with loved ones form a lifeline to the outside world for incarcerated people
and help pave the way back into society. As the number of visits a person
receives increases, so do their chances of success in the community.3

One of the most significant barriers
to prison visits may be the long distances
visitors generally have to travel
to the facilities where their loved
ones are incarcerated.
Despite the value of in-person visits, people in prison receive few. A
survey conducted in 2003 and 2004 by the federal Bureau of Justice Statistics
(BJS) showed that in any given month, nearly 70 percent of incarcerated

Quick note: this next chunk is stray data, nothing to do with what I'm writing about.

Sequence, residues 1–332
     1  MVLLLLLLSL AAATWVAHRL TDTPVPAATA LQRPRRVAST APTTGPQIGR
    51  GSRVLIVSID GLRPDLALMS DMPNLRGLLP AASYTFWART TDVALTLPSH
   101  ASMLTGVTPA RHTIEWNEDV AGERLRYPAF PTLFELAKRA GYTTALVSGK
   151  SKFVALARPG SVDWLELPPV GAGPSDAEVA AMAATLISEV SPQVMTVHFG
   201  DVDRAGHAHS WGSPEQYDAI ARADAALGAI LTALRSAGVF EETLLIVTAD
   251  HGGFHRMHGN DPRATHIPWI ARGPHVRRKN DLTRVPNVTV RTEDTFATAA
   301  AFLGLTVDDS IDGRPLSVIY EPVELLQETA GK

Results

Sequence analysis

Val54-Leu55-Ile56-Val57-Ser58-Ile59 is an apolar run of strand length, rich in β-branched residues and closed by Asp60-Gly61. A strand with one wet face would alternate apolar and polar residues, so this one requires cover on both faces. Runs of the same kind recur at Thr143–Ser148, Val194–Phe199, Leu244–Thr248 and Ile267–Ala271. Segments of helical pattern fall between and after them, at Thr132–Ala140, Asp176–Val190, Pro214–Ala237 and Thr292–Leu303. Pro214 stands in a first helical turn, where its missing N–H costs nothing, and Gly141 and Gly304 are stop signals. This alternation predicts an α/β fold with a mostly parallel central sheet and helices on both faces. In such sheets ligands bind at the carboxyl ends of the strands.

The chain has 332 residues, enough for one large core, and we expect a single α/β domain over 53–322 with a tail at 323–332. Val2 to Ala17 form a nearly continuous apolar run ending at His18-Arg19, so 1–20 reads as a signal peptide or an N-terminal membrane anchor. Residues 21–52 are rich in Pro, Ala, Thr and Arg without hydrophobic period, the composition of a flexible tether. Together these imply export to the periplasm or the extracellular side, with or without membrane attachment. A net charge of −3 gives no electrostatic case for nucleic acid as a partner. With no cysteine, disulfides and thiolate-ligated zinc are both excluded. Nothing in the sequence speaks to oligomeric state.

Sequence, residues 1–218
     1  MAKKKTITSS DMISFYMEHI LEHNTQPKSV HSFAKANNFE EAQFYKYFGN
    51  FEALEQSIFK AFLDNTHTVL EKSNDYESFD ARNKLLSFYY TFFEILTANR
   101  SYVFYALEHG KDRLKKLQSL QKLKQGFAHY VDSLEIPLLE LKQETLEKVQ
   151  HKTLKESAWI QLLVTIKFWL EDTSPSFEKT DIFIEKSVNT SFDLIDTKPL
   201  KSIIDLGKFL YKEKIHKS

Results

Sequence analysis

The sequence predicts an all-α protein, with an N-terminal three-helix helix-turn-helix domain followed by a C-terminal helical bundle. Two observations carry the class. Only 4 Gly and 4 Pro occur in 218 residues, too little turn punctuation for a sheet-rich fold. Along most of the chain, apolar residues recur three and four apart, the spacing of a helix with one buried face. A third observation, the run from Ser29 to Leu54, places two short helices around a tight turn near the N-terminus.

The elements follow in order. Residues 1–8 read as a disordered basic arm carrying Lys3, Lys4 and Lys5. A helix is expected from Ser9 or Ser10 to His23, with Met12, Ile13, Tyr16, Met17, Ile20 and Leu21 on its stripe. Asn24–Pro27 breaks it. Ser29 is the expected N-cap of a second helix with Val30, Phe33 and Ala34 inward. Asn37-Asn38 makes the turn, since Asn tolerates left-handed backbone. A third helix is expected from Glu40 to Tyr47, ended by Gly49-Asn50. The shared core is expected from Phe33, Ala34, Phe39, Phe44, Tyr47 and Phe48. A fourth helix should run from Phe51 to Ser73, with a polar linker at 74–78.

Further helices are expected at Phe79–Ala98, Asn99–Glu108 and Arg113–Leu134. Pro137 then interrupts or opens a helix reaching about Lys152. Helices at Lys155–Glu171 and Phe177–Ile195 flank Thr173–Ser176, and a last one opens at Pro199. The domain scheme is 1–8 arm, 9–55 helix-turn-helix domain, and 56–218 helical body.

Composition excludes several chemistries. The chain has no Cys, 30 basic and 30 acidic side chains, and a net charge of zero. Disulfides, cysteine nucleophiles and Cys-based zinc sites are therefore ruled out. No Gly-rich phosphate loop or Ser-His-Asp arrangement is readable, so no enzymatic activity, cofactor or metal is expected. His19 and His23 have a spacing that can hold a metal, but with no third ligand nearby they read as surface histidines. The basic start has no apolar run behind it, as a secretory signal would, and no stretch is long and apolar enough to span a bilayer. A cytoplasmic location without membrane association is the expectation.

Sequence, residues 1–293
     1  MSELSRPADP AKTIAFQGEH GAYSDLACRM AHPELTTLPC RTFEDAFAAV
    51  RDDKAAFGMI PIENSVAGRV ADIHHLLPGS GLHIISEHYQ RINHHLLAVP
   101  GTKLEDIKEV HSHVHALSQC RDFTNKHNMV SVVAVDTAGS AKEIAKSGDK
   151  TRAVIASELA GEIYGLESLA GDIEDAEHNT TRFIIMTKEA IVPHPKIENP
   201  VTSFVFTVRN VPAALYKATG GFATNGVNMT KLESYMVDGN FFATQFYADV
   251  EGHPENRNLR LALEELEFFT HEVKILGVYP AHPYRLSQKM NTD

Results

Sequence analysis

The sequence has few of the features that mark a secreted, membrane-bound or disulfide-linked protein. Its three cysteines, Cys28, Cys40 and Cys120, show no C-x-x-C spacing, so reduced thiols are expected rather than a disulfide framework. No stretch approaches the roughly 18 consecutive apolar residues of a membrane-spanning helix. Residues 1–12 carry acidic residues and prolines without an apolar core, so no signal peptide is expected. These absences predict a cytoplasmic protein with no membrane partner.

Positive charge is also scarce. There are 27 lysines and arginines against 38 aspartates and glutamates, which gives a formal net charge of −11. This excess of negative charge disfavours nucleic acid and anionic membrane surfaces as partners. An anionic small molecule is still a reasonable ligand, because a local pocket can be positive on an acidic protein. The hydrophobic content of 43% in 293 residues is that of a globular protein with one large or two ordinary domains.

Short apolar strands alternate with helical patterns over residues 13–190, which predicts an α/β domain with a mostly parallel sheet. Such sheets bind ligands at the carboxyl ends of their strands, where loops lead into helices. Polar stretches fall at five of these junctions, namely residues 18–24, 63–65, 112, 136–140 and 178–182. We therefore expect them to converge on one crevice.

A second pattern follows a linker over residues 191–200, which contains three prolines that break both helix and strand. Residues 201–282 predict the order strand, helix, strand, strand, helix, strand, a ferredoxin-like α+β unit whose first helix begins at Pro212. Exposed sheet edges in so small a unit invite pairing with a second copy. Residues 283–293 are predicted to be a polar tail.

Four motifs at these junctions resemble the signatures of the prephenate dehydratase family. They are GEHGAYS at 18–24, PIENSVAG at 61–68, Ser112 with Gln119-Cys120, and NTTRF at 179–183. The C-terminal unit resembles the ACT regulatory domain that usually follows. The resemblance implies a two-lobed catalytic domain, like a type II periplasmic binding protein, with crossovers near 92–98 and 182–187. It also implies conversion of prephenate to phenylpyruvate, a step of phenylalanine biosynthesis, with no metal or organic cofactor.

people in state prisons had no visitors.4 There are many reasons why loved
ones do not or cannot visit incarcerated people, including the financial
strain (such as the cost of travel, missed workdays, and childcare); rules and
regulations governing visits (such as ID requirements, limited visiting hours,
and background checks); and the anxiety-producing experience of enduring
metal detectors and personal searches.5 One of the most significant barriers
to prison visits may be the long distances visitors generally have to travel to
the facilities where their loved ones are incarcerated. According to the same
survey by BJS, approximately 63 percent of state prison inmates were held
over 100 miles from their residence at arrest.6


Vera Institute of Justice

More recently, departments of corrections have been turning to
computer-based video technology to try to ameliorate the burden of
those distances and create opportunities for families to stay in touch